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I have before me a full-page advertisement placed in a Washington newspaper a few weeks ago by one of our local department stores from which I'd like to quote (exhibit No. 4):
“Eyesight Is Your Most Precious Gift. Give Your Eyes the Best of Care,"?is the boldface headline. “Find a Big Choice of Becoming Styles in Our Budget Eye-Frame Bar. $5. $7.50. $10. Let us show you how attractive glasses can be. * * * Keep the Natural Beauty of Your Eyes With Contact Lenses. We specialize in contact lenses * * * and that takes know-how that only our long experience can provide. Fitting contact lenses is a science in itself, and our technicians are experts. You're invited to come in for a consultation. * * * There's no obligation, of course. Our price for contact lenses is $95. * * * Eye Frame of the Month. Men's New Gotham Frames Are Light as a Letter That Takes a 5-Cent Stamp. New lightweight frames, equally handsome with tweeds and dinner clothes. With the new uni-fit bridge, hidden hinges, and frames that absorb extraordinary punishment. Black, brown, or gray. Modestly priced and you may charge them, of course.
There are many, many more even more objectionable ads which, I am sure, members of the subcommittee have seen themselves. The question Congress should ask itself, it seems to me, as it weighs its responsibilities to protect the health, welfare, and safety of the people of Washington is, Can a person in need of vision care receive the caliber of care he deserves from these mercantile, priceconscious establishments?
Dr. McCrary said this mercantile atmosphere might be all right when buying furniture, but it is not all right when applied to the field of vision care. I would like to point out that we have an optical center in one of our Seventh Street furniture stores, and I understand that the management of that store is presently unhappy with their optometrist because he is not producing enough revenue for the store on the basis of the number of square feet his optical center occupies.
With respect to similar establishments, I have some slides here which I would like to show members of the committee. Under the proposed bill, I might add, these abuses would be eliminated. (Demonstration.]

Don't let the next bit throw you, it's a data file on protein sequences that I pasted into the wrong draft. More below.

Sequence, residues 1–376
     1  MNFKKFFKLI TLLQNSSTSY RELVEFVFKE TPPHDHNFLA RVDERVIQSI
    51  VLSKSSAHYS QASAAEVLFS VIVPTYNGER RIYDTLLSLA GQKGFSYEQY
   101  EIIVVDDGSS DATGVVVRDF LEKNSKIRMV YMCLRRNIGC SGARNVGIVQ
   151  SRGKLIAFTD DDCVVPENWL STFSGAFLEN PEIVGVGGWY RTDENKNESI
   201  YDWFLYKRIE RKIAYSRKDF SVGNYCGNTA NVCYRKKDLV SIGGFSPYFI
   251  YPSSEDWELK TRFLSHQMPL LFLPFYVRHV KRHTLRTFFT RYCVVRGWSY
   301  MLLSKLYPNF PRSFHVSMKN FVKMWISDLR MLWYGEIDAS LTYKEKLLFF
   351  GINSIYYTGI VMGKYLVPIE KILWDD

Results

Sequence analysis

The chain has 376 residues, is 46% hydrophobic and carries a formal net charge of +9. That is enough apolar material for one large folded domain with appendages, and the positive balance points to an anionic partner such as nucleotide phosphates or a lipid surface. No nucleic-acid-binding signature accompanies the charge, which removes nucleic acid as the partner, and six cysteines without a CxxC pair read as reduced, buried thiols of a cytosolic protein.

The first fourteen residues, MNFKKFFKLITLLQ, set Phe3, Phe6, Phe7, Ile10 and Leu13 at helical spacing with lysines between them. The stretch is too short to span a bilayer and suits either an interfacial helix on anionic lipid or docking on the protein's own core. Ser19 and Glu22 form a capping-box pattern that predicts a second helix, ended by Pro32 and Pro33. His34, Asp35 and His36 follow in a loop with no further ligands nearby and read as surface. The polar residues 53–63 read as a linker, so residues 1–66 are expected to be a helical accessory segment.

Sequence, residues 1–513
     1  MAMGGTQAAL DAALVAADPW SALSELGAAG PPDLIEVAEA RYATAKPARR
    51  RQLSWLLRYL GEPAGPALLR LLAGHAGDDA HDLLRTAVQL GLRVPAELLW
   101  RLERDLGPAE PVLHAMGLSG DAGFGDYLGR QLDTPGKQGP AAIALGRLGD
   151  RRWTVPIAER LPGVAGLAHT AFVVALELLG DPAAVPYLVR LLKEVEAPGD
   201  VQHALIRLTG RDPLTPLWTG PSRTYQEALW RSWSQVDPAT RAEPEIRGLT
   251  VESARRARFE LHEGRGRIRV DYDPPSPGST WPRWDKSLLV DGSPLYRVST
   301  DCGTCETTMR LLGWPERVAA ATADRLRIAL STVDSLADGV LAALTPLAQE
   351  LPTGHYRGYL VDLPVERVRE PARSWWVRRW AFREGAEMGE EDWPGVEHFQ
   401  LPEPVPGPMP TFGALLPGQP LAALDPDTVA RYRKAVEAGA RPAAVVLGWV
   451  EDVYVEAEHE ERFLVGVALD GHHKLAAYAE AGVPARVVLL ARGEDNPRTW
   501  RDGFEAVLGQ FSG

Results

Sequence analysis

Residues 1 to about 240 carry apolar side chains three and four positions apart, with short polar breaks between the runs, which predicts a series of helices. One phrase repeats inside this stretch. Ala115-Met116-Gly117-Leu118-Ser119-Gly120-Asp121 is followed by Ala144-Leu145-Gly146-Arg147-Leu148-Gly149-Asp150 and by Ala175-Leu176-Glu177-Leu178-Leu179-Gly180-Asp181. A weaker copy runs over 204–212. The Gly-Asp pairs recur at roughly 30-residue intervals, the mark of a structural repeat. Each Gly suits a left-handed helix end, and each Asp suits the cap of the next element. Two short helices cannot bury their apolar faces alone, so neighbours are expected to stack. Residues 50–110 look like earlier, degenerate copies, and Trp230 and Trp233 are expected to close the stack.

As we have pointed out, the failure to control advertising is one of the most serious defects in the present law.
In many advertisements, it is stated that readymade glasses will relieve fatigue and eyestrain, prevent squinting, and make it easier to see small print. There can be no assurance that these glasses will accomplish any of these things, and, in fact they very often will cause eyestrain, fatigue, and squinting and make reading more difficult. The sale of readymade glasses to an uninformed and gullible public is an evil which all professional and lay organizations in the eye health and vision care fields agree should be eliminated without delay.
The specious argument that these glasses cannot harm one's vision or that poor people will be deprived of reading glasses is simply not true. In fact, even aside from the vision problem, some of these glasses represent safety hazards. (Demonstration.)
It, unfortunately, is true that thousands of individuals xperiencing vision problems will shop for help at the mercantile, unethical establishments about which we have been talking rather than seek proper vision care from a professional. Many of these people mistakenly feel they must resort to this action because of the costs involved. There is assistance available to financially disadvantaged persons who need vision care. As professional men and women, optometrists have great concern for persons in financial need, and we feel that it is incumbent upon us to provide vision care regardless of a person's ability to pay for our services.
The Optometric Society of the District of Columbia has had a program of care for the indigent for several years. Until 2 years ago, free eye examinations and necessary prescription glasses were made available to the poor through the offices of the individual members of the society, but since then this program has been transferred to the new Optometric Center of the National Capital, with local optometrists staffing the clinic as volunteers. The Optometric Center cooperates with some 35 different agencies, including the District of Columbia Public Health Department. The center, during the past 2 years it has been in operation, has cared for more than 400 patients. Not only does our optometric center have vision care programs for the indigent, but Lions Clubs, District of Columbia agencies, and other groups augment these services.